One of the mysteries of the English language finally explained.
1A theory or system of social organization based on small self-governing communities.
- ‘What these areas have in common is that they are communities of collectivism, where relatively strong combined social networks of trade unionism, labourism and communitarianism allow mobilizations in defence of left of centre values.’
- ‘He represents the challenge to pluralism both by rising communitarianism and by globalization of culture and capital.’
- ‘For the record, what I do argue in the book is that vesting too much power in a centralised state may not bring out the best in human nature compared with decentralised smaller-scale communitarianism.’
- ‘I am sure most of them would not support the communitarianism or the persuasive patriarchy or the muteness against slavery of early Christianity.’
- ‘Nevertheless, the authors do recognise that communitarianism in and of itself is not an adequate institutional foundation for effecting change.’
- ‘He did not cling to the ideals of communitarianism, but instead promoted industrial and agricultural development.’
- ‘The aim is to propose an ethic that goes beyond the current labels of liberalism and communitarianism.’
- ‘Recently, Durkheim's writings have been called upon to contribute to the theoretical debate on liberalism and communitarianism.’
- ‘A solution lies in communitarianism: governments facilitating the rules of community engagement, acting as brokers in the relationships and connections between people.’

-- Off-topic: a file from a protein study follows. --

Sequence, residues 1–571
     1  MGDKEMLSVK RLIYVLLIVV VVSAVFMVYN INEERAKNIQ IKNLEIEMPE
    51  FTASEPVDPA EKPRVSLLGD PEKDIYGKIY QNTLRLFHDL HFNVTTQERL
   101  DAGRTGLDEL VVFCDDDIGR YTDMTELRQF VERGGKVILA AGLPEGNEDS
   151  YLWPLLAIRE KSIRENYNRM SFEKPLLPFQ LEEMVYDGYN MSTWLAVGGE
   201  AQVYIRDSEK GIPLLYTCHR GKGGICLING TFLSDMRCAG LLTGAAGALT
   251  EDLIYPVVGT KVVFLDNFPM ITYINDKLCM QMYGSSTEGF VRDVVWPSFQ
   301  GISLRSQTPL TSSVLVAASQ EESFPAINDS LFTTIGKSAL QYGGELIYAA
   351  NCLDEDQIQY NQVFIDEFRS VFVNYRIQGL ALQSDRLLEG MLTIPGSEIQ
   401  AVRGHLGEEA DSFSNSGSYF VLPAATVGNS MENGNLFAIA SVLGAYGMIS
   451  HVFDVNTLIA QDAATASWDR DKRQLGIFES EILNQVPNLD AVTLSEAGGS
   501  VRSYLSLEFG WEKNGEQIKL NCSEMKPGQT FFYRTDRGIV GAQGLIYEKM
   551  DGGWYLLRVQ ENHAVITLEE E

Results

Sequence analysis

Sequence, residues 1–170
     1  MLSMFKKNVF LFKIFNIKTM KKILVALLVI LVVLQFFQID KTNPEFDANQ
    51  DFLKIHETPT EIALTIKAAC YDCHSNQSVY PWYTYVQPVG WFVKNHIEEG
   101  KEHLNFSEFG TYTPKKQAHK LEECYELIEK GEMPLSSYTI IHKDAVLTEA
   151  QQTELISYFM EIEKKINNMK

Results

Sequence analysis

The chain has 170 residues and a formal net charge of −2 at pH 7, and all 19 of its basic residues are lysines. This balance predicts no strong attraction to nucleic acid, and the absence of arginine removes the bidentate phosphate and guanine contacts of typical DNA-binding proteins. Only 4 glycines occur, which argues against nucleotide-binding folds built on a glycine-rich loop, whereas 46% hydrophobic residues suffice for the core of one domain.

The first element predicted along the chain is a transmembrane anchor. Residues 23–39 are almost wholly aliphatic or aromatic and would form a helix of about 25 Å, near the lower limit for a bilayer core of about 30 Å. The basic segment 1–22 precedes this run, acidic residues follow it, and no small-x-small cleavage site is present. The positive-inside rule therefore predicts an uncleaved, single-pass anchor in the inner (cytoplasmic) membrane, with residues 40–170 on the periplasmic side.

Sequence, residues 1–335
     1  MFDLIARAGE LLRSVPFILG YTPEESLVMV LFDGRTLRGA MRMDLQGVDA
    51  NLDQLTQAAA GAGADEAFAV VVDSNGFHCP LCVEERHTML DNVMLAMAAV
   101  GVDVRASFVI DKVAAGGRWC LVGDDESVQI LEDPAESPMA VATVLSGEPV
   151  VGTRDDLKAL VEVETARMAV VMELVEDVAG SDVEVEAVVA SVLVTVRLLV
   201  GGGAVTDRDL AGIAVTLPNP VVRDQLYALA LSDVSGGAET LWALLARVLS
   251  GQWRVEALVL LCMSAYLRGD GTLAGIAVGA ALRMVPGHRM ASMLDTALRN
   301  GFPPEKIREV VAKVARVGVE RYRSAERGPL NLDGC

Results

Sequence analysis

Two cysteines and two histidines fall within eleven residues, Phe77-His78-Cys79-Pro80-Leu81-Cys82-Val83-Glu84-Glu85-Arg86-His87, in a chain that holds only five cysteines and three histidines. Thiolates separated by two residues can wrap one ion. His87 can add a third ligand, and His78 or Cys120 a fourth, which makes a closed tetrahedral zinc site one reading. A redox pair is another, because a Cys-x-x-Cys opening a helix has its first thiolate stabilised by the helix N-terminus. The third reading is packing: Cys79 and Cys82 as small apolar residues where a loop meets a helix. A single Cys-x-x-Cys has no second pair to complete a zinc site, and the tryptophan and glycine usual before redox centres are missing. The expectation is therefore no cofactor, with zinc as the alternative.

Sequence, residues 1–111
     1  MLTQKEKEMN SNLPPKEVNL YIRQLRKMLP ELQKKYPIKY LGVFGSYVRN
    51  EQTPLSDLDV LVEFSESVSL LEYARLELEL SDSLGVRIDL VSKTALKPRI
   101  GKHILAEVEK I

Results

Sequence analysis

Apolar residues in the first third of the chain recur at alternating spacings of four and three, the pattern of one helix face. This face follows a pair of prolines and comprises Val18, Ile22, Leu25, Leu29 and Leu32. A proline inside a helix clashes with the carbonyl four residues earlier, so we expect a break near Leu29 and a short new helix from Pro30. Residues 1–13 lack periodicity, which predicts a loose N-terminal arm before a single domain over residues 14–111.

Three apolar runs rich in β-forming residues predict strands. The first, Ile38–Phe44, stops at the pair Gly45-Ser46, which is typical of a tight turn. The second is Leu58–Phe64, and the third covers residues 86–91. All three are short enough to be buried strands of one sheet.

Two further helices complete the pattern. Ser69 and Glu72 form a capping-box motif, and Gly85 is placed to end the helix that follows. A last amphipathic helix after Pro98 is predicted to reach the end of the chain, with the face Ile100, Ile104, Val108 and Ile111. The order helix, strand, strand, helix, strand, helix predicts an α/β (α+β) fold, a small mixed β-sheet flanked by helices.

- ‘But like everybody else I was convinced that we had to stop the rapid development of so called communitarianism and a certain expression of fundamentalism.’
- ‘Played the right way, this communitarianism can be expanded in Australia to the advantage of our society, including its depressed and frightened minorities, and our economy.’
- 1.1 An ideology which emphasizes the responsibility of the individual to the community and the social importance of the family unit.
- ‘Jane Addams's work can be seen as a basis for a feminist progressive communitarianism that critiques isolated individualism and understands personal identity as necessarily embedded in social and political community.’
- ‘We need to choose whether we want to adopt competition or cooperation, aggression or nurturance, individualism or communitarianism as we seek to create a better world for all humanity.’
- ‘The claim that cosmopolitans underestimate the role that separate communities play in the lives of human beings is a central theme in communitarianism.’
- ‘It's the difference between individualism and communitarianism.’
- ‘The step from I to we, from subject to community, from liberal individualism to postliberal communitarianism is therefore important, but not sufficient.’
- ‘Theories such as communitarianism stress the importance of the family and see failings in the family or in the upbringing of children as the fault and responsibility of individual family members.’
Mid 19th century: from community + -arian, on the pattern of words such as unitarian.
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